Long COVID and the Economy
Health & Gender Policy Brief #146 | By: Rosalind Gottfried | January 26, 2022
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Long Covid may affect well over a million people who contracted the virus. The syndrome manifests in pulmonary, cardiovascular, and nervous system symptoms which can persist for months after initial illness and may even occur in those who never were sick initially. Ailments can include shortness of breath; erratic heartbeats and blood pressure; fatigue; pain, and an inability to concentrate and a general “fuzziness.” Those suffering from these conditions can also succumb to depression and anxiety, whether that is a primary symptom or a consequence of the fall out form the syndrome. In a study of over 250,000 Covid patients, over half expressed some declines six months after the initial infection. These include physical and psychological impairments. Twenty percent reported a decline in mobility; 25% felt a decline in concentration; 20% experienced hair loss and/or rashes; and many people reported cardiovascular and gastrointestinal effects.
The fallout can be severe. The inability to work can result in loss of jobs and benefits such as health insurance. Many who must quit, or get fired, and suffer multiple illnesses are unable to pay for care and are losing homes, cars, and potentially family who cannot cope with the stressors. Some people who have long term health insurance have reported that their insurers are denying claims as is the government disability offices of the Social Security Administration. The National Institute of Health has committed 1.15 billion dollars to study long term Covid.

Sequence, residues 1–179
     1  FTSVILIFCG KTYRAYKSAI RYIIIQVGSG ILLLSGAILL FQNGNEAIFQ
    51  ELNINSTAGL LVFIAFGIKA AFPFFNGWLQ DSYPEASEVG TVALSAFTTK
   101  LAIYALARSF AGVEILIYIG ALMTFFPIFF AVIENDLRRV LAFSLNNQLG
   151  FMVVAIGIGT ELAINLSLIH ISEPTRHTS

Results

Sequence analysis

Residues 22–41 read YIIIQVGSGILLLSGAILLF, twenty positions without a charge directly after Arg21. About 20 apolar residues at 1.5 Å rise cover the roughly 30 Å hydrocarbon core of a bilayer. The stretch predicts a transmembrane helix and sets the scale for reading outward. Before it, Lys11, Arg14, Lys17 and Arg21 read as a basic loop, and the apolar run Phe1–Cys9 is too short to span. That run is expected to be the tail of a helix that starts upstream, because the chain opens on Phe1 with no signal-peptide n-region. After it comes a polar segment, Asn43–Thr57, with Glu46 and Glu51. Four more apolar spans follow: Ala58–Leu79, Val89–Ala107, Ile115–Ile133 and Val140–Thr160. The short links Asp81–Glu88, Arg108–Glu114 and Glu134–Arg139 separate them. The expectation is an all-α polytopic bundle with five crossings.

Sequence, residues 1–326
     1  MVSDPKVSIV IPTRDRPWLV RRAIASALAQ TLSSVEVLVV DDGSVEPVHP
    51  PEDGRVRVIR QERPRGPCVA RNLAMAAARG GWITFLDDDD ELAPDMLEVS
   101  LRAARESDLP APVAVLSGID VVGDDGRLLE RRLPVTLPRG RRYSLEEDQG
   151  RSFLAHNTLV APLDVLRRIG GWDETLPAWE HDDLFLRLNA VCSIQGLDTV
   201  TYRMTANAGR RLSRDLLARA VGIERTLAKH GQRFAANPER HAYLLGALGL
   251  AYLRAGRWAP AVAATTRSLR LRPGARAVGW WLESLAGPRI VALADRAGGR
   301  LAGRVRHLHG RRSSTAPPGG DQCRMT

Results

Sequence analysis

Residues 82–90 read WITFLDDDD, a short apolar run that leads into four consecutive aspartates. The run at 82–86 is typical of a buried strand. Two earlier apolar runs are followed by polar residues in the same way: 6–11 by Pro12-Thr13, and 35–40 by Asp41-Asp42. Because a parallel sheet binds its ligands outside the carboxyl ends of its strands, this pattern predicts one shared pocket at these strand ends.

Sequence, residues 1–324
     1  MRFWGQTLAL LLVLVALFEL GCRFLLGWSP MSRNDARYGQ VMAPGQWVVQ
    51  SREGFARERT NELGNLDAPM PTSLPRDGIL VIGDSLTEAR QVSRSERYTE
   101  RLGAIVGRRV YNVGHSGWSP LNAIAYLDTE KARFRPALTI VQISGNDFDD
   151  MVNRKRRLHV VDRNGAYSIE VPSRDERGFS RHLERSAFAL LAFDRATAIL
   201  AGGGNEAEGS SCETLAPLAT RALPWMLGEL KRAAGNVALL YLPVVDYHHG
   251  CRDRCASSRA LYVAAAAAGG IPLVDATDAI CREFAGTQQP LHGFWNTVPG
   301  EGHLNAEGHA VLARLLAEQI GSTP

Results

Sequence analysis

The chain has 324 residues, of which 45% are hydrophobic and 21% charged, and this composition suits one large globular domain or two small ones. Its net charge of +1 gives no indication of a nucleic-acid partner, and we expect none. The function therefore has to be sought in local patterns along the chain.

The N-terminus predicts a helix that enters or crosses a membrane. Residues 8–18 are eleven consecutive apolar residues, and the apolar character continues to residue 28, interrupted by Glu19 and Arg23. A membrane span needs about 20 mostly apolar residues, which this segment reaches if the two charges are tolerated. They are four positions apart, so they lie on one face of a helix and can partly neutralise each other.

The impact of deaths from Covid goes beyond the number of people who have passed away. If we consider a deathrate of 1 million people, and calculate Years of Life Lost (YLL), the average is nine years because many covid patients are older. But other people have succumbed from Covid and they had potentially longer lives. Estimates suggest that the total years of life lost will exceed ten million from deaths. The recent reporting of long Covid suggests that the loss to the economy, in terms of loss of producers (work) and consumers will have a far-reaching impact than just those due to death.
With estimates of those who have had Covid reaching 50 million, it is difficult to estimate how many will ultimately succumb to long Covid though it is surely clear that the cost to the economy will be severe. There are at least two aspects to this situation; the first is paying for the care and treatment of the syndrome and the support of the those afflicted. The government safety net must be addressed as individual needs may far surpass current provisions. The second issue is to compensate for the lack of labor force participation and the reduced consumption of those who cannot return to the paths they were on previous to the pandemic.
The medical professionals need to be able to define the syndrome so that people can qualify for aid. Currently, it is vaguely described as persistent symptoms which cannot be explained by another condition.
The implications of COVID-19 for mental health and substance abuse.
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The government should develop a policy to subsidize those who cannot work, or who can only work part time, so that they don’t fall into worse situations from which they will be unable to extract themselves. Some fear that the depression from the loss of previous work and quality of life could result in a swelling of suicide and opioid use.
Private employers would be wise to allow people who suffer from Covid related syndromes to work part time; to work from home; and to keep benefits such as health insurance. The prevalence of long term Covid deserve the attention, concern, and resources we can muster as a nation.
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